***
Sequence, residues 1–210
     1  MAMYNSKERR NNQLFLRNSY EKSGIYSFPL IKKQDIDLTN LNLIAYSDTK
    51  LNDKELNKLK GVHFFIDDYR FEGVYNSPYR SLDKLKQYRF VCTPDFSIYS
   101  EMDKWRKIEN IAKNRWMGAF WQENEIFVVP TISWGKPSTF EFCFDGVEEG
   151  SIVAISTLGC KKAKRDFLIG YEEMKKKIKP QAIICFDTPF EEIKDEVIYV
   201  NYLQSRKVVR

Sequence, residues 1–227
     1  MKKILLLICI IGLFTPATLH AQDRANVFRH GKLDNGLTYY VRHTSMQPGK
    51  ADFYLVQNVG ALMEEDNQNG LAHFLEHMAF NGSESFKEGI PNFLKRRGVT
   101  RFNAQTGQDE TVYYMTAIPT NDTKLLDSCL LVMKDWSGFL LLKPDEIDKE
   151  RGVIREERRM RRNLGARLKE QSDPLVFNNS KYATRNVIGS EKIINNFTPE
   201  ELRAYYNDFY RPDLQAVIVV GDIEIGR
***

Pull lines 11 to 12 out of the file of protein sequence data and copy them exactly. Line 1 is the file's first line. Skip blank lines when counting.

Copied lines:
   151  RGVIREERRM RRNLGARLKE QSDPLVFNNS KYATRNVIGS EKIINNFTPE
   201  ELRAYYNDFY RPDLQAVIVV GDIEIGR